Editor’s note: This article is the second of two on shale gas production. The first dealt with the U.S. situation; this one looks at the potential impacts of shale gas production in Europe and China.
Natural gas production in Europe, currently just over 11 Tcf, has been falling rapidly over the past decade. About three fourths of Europe’s gas is produced in just three countries: the UK, Norway and the Netherlands. Production peaked in 2003 at 13.5 tcf.
Consumption, on the other hand, continues to rise. Gas use in Europe stood at 20.5 tcf in 2008 and is likely to increase further as coal-fired power plants retire or are phased out of service for environmental reasons. Most of Europe’s imported gas comes from Russia (about 80%), with the remainder mostly as LNG.
Conventional natural gas production is likely to continue its decline since the major source of gas production, the North Sea, seems set on a declining trajectory.
A Scramble for Supplies Seems to Be in Order
With the continent increasingly dependent on the state of Russian-Ukrainian relations, and with Russia’s sales prices pegged directly to oil, Europe’s energy future promises to be even more costly than its past. Recent efforts at diversifying supplies – LNG, Nabucco, pipelines from Libya and Algeria – have proved only partially successful and retain the oil-linked price structure of Russian gas supplies.
Gas from Shale, Ours and Theirs, May Rescue Europe
U.S. shale gas production has already roiled the world of natural gas. By providing plentiful supplies to the US shale gas production has promoted heavy discounting of natural gas in the U.S. relative to oil.
In addition to the U.S. consumers who benefit from lower natural gas prices, the shale gas boom has also provided new investment and technology opportunities for both US and European energy companies. European consumers of LNG have also benefitted from the U.S. shale boom since prices for spot cargoes have fallen with the near-collapse of growth in the US market for LNG. The main losers from the shale gas boom have been LNG exporters and renewable energy producers who must compete with natural gas in the electricity market.[i]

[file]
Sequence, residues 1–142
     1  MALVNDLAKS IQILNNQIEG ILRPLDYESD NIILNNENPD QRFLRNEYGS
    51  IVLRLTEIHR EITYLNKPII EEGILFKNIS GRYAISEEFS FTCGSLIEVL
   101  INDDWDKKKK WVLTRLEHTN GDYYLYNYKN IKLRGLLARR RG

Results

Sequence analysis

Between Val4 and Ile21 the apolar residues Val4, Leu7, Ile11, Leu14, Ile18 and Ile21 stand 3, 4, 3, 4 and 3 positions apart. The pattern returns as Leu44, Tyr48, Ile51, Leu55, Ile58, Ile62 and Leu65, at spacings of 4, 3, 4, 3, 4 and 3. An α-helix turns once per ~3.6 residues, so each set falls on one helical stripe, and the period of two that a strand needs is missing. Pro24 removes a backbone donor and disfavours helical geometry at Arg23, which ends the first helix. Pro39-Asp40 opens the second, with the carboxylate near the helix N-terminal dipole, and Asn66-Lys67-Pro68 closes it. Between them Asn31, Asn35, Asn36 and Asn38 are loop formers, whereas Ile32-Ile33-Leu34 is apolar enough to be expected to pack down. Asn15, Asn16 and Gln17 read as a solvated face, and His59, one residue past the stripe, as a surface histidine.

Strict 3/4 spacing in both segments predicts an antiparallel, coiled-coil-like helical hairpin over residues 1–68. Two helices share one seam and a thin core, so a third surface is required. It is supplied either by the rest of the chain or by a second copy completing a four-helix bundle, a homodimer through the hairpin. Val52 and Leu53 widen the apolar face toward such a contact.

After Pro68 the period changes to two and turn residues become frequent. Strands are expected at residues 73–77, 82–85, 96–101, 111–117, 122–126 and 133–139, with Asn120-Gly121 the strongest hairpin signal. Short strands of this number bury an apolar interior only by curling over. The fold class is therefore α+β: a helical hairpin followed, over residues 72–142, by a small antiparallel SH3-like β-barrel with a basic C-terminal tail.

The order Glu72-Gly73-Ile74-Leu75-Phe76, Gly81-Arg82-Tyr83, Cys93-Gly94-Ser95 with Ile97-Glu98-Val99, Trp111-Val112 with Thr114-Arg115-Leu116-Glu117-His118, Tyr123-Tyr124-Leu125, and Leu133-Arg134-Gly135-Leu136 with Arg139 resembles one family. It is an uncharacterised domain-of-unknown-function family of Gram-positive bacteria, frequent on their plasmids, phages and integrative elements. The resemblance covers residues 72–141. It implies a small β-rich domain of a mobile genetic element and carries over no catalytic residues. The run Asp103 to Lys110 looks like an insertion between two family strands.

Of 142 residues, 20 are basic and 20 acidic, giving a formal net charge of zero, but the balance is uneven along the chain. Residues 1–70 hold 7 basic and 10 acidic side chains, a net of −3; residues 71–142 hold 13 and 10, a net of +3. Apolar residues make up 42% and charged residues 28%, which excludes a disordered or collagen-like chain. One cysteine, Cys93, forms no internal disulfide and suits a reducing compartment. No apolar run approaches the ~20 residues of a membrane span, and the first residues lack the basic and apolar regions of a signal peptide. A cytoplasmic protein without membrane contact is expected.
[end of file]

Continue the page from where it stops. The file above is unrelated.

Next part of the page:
The list of major foreign investors in US shale gas plays is impressive – Norway’s Statoil in the Marcellus shale, British Gas in the Haynesville shale, Shell in the Fayetteville shale. Total has purchased significant acreage in its home country, where drilling is set to commence.
With the technological risk of shale gas production now largely overcome thanks to efforts in the U.S., production is mostly a question of finding the right resources. Major companies, flush with US shale gas experience (and profits) are now looking at Europe. As with the U.S. earlier in this decade, Europe’s gas markets reflect scarcity with high prices. However, mud (the stuff of shale deposits) appears to be much more democratically distributed than oil and shale resources have been discovered throughout Europe.
Estimates of the potential shale reserves in Europe reflect the early stage of exploration and test drilling. However, activity is brisk in Poland (Lane Energy and Conoco), Hungary ExxonMobil), Austria (OMV) and France (Total). Even the Netherlands is getting another look underneath the old Groningen gas field. In the UK’s Permian Basin shale deposits may see some exploratory activity soon. One of the best recent sources on European shale gas resources is a study of shale reservoirs in Europe by Hans Doornenbal, et al, “Petroleum Geological Atlas of the Southern Permian Basin Area: Project overview,” June 2009. That study estimates at least 230 tcf of gas in NW Europe’s shale basins. Other estimates are higher, as much as 500 tcf. Such reserve estimates are not likely to produce the level of output seen in the US, where the resource base is far greater. However, without drilling the resource extent is not entirely certain.